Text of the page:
Contrary to what one might have expected, the film does not take a straightforward "radicalism good, conservatism bad" line. A key scene comes when Nick nearly gets himself arrested by badmouthing the local policeman. Harold, a personal friend of the officer, manages to smooth things out, but then berates Nick for his rudeness and stupidity. To Nick, who still subscribes to the sixties idea that all cops are "pigs" , this may seem like a sellout to the enemy, but I suspect that most of the audience will side with Harold who realises that some of his contemporaries have difficulty in distinguishing between idealism and childishness.
"The Big Chill" has something in common with another movie from the early eighties, Barry Levinson's "Diner" from 1981, which also deals with a reunion of a group of former classmates, although that film is a period piece set in 1959 and the characters are rather younger, being in their twenties rather than their thirties. What the two films have in common is that both are excellent examples of ensemble acting.
This was the second film of its director Lawrence Kasdan (his first was the very different neo-noir thriller "Body Heat") and it starred a number of actors, such as William Hurt and Kevin Kline, who were to become regulars in Kasdan's movies. , (Kevin Costner, originally cast as Alex, was edited out of the final version, but also went on to become a Kasdan regular). There are too may good performances to list them all, but special mentions must go to Kline as Harold, Glenn Close as Sarah and Meg Tilly as Alex's strange, unworldly younger girlfriend Chloe.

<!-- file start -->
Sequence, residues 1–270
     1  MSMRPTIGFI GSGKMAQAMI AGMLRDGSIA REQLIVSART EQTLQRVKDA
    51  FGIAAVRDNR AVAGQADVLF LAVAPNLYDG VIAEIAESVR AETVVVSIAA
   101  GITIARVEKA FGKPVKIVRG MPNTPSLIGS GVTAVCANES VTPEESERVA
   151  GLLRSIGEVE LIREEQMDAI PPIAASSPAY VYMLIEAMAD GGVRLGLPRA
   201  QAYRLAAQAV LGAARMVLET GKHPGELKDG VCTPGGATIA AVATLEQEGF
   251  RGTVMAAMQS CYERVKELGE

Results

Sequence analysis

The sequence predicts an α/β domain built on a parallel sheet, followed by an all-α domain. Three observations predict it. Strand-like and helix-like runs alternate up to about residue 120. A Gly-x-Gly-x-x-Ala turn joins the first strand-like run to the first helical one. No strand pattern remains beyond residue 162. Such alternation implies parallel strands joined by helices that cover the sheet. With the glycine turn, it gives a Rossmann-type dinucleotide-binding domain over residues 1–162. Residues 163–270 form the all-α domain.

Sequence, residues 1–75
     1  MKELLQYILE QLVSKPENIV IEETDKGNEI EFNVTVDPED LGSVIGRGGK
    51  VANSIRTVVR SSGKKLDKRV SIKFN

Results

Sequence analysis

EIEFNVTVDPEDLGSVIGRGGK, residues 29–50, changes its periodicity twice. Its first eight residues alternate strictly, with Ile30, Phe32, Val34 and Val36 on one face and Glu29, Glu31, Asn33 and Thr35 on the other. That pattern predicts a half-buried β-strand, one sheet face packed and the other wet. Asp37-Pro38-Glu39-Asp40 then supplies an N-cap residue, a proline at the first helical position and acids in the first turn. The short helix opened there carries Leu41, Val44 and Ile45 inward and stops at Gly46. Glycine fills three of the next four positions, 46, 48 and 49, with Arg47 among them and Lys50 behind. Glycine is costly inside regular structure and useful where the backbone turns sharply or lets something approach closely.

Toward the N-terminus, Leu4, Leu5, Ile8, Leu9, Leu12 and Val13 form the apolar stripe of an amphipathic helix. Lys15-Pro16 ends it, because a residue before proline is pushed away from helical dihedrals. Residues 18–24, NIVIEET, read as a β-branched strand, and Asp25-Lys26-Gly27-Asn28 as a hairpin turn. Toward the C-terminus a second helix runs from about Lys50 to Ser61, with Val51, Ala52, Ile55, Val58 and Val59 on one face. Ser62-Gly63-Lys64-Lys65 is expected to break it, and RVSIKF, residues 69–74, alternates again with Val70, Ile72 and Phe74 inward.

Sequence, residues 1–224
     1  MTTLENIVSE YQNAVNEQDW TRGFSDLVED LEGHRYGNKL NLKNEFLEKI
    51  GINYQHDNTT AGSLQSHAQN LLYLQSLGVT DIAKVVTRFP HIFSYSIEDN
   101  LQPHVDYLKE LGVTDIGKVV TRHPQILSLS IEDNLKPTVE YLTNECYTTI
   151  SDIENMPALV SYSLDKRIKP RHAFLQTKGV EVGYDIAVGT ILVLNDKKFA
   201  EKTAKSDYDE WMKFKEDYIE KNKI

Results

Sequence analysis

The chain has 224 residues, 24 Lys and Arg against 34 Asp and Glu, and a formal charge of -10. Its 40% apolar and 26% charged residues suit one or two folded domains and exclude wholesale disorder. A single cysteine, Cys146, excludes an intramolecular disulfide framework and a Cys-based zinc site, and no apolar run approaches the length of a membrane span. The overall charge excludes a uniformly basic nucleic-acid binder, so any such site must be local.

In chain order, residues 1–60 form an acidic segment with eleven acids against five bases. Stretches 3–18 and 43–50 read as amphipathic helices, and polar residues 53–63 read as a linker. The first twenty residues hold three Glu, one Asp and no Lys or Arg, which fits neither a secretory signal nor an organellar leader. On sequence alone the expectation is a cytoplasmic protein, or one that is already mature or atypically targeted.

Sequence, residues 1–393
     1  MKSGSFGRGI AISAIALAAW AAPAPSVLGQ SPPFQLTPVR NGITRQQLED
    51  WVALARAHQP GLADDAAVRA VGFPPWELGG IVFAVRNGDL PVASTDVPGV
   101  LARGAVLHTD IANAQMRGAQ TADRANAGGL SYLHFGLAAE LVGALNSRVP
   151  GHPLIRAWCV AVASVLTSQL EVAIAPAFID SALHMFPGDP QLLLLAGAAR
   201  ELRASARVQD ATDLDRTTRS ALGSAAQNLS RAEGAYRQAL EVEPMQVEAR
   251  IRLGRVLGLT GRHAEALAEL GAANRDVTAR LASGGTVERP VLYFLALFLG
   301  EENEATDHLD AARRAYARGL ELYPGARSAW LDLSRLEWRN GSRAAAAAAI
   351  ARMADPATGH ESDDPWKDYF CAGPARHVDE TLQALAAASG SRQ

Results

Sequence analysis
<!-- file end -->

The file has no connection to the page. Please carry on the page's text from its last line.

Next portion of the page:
One question much discussed on this board is whether the film is "dated". Leaving aside trivial questions of fashion (even in the eighties Tom Berenger's hairstyle must have looked very seventies), I think that it is "dated", but only in the narrow, limited sense that it deals with cultural phenomena such as the sixties counterculture which were very much of their own era. In a wider sense it is not dated because it deals with timeless issues such as love, friendship and the challenge of staying true to one's youthful ideals in later life. (Another eighties film on this theme, although in my view a less successful one, is Fred Schepisi's "Plenty").
I felt that the film was occasionally slow-moving, with too great an emphasis on talk over action. I also wondered whether it might not have been improved by keeping Costner's scenes to allow us to see what sort of a person Alex was and why his death had such a traumatic impact on his friends. Overall, however, I felt that it was a very watchable film, and often a moving one- one that could be watched for pleasure not only by those who are too young to remember the sixties but even those who are too young to remember the eighties. 7/10